Behind a tiny ship heading into space is a doomed planet on the verge of suicide. Ahead lies a place called Earth, the third planet from the sun. And for William Sturka and the men and women with him, it’s the eve of the beginning - in the Twilight Zone.
— Rod Serling, Third From The Sun

TwoWatch On Hulu

Elizabeth Montgomery and Charles Bronson find out the hard way that when you're the last two people on Earth after an apocalyptic war, you were probably made for each other, even if you previously fought for opposing armies.

Romance at the end of the world.

The time, perhaps 100 years from now or sooner; or perhaps it’s already happened 2 million years ago. The place, the signposts are in English so that we may read them more easily, but the place is the Twilight Zone
— Rod Serling, Two

Probe 7, Over and OutWatch On Hulu

The last survivors of mankind stranded on an alien world might just be the next Adam and Eve.

Do you know these people? Names familiar, are they? They lived a long time ago. Perhaps they’re part fable, perhaps they’re part fantasy. And perhaps the place they’re walking to now is not really called ‘Eden.’ We offer it only as a presumption. This has been the Twilight Zone.
— Rod Serling, Probe 7, Over and Out

Kick the Can – Watch On Hulu

An old man in a retirement community believes acting young will make him young. Though everyone thinks he's crazy, he succeeds when playing the game ‘kick the can’ and escapes into the Twilight Zone where he becomes a child again.

Sunnyvale Rest, a dying place for ancient people, who have forgotten the fragile magic of youth. A dying place for those who have forgotten that childhood, maturity, and old age are curiously intertwined and not separate. A dying place for those who have grown too stiff in their thinking - to visit - The Twilight Zone.
— Rod Serling, Kick the Can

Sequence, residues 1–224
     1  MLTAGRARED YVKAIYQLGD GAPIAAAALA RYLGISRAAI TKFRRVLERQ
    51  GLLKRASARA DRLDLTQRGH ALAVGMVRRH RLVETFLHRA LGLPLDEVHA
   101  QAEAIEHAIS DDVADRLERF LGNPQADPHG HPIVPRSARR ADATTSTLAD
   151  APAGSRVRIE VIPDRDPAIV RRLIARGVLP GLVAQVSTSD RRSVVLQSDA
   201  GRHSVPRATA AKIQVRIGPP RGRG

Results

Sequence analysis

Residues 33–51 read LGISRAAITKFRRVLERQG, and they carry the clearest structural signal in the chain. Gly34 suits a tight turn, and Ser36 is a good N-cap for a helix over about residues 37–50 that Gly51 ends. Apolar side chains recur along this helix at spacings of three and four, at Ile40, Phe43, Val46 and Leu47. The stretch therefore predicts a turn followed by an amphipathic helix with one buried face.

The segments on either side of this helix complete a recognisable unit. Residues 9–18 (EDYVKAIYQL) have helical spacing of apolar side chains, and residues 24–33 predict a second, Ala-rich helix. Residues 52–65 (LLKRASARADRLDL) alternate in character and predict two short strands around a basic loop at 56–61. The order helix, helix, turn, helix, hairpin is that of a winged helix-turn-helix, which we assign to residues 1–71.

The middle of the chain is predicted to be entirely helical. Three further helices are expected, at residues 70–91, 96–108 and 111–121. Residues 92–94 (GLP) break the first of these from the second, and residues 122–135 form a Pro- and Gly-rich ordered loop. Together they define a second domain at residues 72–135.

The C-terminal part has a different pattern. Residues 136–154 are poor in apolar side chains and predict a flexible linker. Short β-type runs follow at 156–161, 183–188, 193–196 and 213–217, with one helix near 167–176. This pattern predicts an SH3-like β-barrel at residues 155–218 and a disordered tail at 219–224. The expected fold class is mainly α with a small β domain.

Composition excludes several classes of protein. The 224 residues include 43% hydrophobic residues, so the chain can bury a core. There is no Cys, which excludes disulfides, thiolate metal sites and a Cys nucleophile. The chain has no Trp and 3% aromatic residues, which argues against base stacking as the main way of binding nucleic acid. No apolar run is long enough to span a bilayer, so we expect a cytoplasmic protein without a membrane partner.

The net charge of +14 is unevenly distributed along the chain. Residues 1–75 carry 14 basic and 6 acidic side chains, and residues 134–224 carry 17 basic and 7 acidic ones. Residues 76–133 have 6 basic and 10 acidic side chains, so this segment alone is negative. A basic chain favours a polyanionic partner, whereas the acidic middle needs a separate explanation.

“When the fall's all that's left, it matters a great deal”

In some cases the best you can hope for is a last chance to go out in style.

The Obsolete Man – Watch On Hulu

A librarian in a totalitarian society is sentenced to death by the state for having an obsolete profession. Taking advantage of a loophole in the system allowing him to choose the method of his execution Burgess Meredith gets the last word by revealing the true nature of the Chancellor (and those like him) on television.

You’re a librarian, Mr. Wordsworth! You’re a dealer in books and two cent fines and pamphlets and closed stacks and the musty insides of a language factory that spews out meaningless words on an assembly line. Words, Mr. Wordsworth, that have no substance and no dimension, like air, like the wind, like a vacuum that you make-believe has an existence by scribbling index numbers on little cards.
— The Chancellor

One for the Angels – Watch On Hulu

Attempting to outsmart Death, a kind hearted salesman accidentally places the life of a child in danger. Doing the right thing, he earns his place “Up there” in the After Life.

Lewis J. Bookman, age sixtyish. Occupation: pitchman. Formerly a fixture of the summer, formerly a rather minor component to a hot July. But, throughout his life, a man beloved by the children, and therefore, a most important man. Couldn’t happen, you say? Probably not in most places - but it did happen in the Twilight Zone.
— Rod Serling, One for the Angels

So there you have it friends – study these episodes carefully and you too may be one of the few to escape, or at least survive in, the Twilight Zone!

[Update: For further reading, check out this recently dug up Mike Wallace interview with Rod Serling from 1959]